Today was the first time in about a week I woke up feeling anything like human. I’ve been laid low for the past few days with some gruesome combo of motion sickness and a wicked head cold. When I feel a filthy lurgey coming on, I like to wrap up, get horizontal and read a good book; a luxury I rarely allow myself enough time to enjoy when I’m feeling fighting fit. Some people like to match wines with food, I like to match sicknesses with books. Call me weird, I don’t care.
I partnered this particular lurgey with Vultures’ Picnic: In pursuit of Petroleum Pigs, Power Pirates and High-finance Carnivores by Greg Palast; an “all the president’s men” for Big Oil. I highly recommend it for anyone who enjoys a fairly thick tome of investigative journalism with a hint of the Gonzo thrown in to make the bitter facts more palpable. It is one of Joel (our Captain’s) favourites.
Thumbing through the book in my sickly stupor I thought of something I hadn’t thought about in years. It happened about the time that Big Oil came to my home in Scotland. We were an average family on an average wage in an average little town on the East coast of Scotland. I had seen two movies in my whole life; “Live and Let Die” and “Jaws”, that was two more than my best friend and neighbour Kenny Welsh. Kenny had been born with no neck because of that thalidomide drug. We were firm friends and went everywhere together. On Sunday’s we’d be taken on a drive in the country in my dad’s pride and joy; his aged Ford Cortina. We’d always finish off the trip with a stop at a road side fish smoking hut and buy some “Arbroath smokies” a deliciously salty snack of Haddock that has been preserved in buckets of salt and then smoked. “Nom Nom Nom”.
Legend has it that the fish store in nearby Auchtermithie (yes that’s a real place) caught fire one night and in the morning the locals discovered some of the salty preservation barrels had caught fire cooking the haddock inside. Much Nom Nom Noming ensued and the Arbroath Smokie was born. Me and Kenny sitting in the middle of the back seat of my dad’s Ford Cortina, my big brothers sitting at the window seats on each side to keep us safe, reeking of salty, smokey fish, these were innocent times.
Then the next year Kenny died, and my world changed. Big Oil came to town, and first it came with money.
When Big Oil arrives it comes with an agenda; get the locals drunk on money, lots of money. The notion of “lots” is relative. When the Oil companies came to Scotland “lots” of money meant enough to buy a new T.V. and to go along with it, to show you were really in the money, the height of modern technology - a Betamax video recorder. Everyone I knew whose dad worked on the rigs had a video recorder, and no one else. I was about eleven at the time and I remember going round to my friend’s house to watch the latest video nasty “Evil Dead” I thought it was Amazing! The next week we watched a bootleg copy of “A Clockwork Orange” with Arabic subtitles. What an education! There was a new world out there and I wanted in on it.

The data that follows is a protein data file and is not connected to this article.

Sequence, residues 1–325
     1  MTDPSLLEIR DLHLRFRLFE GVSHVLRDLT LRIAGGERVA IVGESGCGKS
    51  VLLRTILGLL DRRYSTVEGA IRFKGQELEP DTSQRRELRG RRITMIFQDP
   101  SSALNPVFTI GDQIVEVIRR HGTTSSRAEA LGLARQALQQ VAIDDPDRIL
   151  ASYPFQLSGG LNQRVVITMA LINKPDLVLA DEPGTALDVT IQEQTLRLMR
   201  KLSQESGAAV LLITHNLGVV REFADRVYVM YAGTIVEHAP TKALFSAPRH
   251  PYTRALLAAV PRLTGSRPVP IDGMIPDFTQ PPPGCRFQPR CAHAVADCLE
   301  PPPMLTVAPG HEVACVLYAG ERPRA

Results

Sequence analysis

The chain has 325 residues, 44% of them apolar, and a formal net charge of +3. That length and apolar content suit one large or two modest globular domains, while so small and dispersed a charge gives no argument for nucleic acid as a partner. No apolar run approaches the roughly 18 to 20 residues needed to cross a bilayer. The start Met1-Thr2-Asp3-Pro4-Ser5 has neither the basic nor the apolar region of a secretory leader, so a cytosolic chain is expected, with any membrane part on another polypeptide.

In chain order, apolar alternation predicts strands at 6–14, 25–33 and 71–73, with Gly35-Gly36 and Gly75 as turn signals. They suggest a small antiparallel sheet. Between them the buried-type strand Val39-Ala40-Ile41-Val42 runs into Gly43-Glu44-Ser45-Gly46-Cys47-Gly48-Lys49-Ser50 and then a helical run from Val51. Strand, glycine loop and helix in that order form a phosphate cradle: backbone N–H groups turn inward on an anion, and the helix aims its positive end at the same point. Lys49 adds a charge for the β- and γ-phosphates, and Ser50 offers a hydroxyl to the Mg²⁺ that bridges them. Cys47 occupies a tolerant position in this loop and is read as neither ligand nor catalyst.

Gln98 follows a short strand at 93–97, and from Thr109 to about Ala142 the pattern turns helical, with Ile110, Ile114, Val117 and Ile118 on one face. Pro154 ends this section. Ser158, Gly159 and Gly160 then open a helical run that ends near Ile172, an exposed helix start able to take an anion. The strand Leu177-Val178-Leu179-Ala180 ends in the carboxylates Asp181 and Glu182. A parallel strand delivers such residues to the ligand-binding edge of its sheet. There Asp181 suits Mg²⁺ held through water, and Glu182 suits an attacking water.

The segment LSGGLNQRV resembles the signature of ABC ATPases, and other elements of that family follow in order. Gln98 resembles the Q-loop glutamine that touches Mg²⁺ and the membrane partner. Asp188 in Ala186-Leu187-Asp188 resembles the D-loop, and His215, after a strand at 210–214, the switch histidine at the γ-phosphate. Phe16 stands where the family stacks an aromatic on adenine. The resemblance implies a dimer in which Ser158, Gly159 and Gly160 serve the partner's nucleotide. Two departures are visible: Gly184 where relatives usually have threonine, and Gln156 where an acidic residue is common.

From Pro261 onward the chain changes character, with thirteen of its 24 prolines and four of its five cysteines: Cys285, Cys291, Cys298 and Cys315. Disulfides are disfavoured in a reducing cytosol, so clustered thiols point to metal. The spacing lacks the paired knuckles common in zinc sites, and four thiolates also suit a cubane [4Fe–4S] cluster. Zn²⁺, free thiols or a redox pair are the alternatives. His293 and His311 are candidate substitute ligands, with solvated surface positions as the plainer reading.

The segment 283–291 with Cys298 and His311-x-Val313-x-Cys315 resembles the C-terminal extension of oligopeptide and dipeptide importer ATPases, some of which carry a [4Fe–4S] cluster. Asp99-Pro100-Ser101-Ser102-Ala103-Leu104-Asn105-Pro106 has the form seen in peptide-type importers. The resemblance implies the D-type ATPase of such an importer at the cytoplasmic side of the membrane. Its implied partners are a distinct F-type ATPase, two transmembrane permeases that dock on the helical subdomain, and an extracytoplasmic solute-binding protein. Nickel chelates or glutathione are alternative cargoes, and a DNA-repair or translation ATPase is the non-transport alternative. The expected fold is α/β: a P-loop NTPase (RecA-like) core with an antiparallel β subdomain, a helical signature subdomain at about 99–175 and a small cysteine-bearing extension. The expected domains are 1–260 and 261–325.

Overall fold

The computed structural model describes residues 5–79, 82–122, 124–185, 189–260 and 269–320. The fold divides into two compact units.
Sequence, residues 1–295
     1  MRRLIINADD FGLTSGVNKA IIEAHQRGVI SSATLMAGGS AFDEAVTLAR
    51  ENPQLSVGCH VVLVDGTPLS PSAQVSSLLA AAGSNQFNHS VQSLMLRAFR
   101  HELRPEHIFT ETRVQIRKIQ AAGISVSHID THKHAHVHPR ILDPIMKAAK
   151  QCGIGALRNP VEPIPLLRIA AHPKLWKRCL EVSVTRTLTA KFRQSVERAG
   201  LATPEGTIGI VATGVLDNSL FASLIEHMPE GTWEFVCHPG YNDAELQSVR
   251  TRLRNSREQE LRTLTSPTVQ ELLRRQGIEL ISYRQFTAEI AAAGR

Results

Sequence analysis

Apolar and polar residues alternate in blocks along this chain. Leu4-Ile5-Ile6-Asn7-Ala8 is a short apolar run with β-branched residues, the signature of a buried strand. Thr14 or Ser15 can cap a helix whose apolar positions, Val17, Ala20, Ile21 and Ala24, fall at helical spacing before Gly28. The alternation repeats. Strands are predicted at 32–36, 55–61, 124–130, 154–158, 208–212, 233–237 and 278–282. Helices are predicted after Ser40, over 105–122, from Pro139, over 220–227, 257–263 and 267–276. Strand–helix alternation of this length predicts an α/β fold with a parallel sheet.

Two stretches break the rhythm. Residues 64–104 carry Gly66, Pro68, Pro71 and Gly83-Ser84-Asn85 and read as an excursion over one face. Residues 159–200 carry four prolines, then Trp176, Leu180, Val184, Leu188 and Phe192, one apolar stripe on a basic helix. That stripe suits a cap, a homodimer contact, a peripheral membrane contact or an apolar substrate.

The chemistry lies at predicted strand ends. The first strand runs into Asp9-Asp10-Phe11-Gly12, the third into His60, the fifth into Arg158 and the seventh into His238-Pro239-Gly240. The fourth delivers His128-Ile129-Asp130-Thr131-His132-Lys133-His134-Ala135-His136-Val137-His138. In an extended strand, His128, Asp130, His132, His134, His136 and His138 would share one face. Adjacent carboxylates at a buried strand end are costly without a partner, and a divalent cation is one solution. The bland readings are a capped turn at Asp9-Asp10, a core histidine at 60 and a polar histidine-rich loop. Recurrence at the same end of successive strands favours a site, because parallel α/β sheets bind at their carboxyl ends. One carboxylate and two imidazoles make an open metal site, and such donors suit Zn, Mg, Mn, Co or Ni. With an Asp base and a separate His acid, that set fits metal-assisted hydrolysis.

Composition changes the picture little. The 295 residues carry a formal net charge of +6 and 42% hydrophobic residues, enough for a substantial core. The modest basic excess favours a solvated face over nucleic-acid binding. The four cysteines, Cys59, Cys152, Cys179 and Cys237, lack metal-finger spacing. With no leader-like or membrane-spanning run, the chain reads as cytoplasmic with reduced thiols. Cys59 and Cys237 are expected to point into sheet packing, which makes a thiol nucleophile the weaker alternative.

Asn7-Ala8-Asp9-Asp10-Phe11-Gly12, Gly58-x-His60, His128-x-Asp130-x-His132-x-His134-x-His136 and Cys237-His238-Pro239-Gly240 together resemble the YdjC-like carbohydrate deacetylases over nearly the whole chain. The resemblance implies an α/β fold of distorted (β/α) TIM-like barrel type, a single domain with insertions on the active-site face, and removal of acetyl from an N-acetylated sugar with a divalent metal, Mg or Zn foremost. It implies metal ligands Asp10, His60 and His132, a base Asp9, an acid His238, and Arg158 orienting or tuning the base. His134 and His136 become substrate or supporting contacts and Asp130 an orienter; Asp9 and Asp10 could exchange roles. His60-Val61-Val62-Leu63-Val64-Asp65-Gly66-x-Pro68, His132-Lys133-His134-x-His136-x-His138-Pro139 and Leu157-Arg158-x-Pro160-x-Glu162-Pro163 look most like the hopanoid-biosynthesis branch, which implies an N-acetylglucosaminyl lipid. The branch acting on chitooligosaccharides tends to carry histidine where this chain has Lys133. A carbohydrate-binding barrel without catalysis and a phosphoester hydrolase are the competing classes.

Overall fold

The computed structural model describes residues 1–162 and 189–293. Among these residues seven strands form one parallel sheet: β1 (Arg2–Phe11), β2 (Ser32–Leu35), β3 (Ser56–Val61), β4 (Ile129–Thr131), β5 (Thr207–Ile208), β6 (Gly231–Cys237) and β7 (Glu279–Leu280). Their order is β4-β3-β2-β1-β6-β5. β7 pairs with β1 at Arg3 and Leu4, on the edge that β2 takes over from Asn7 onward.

Now the thing that happened quite quickly was, with the kids at home watching video nasties, and the Dad’s away at work on the Rigs, the family unit fell apart. Dads would come off the Rigs, stressed from the dangers and from three weeks at sea, they’d get drunk for three weeks and then head back to work. Listening in to the chit chat at the mum’s coffee mornings (do people still do those?) I could tell that this wasn’t a single family’s problem, but it was rife across the town. Reading Palast’s book I realise that this experience wasn’t exclusive to Scotland, it seems to the big Oil’s M.O. Money and alcohol, and that’s before they spill any oil.
These days Auchtermithie is better known for her sick seas and the whales that get stranded on her beaches. The thalidomide drug has been banned and the pharma companies forced to pay out “lots” of money (read enough for a big T.V. and whatever the equivalent of a video recorder is these days) all due to the force of people power, but that doesn’t relieve Kenny’s mum’s pain any. And last year in the Scottish oil fields there were more than two hundred Oil Spills, that’s right, two hundred! but they don’t make the news any more, you need an apocalypse like the Exxon Valdez or a Deepwater Horizon to make the news these days.
What I’m getting at, I guess, if I’m getting at anything at all, is that we know we have it sweet in New Zealand, this place really deserves the moniker “God’s Own”. Let's keep it that way.
When Big Oil comes to town, it isn’t just the spills and the bad times you have to worry about, it’s the “good” times too.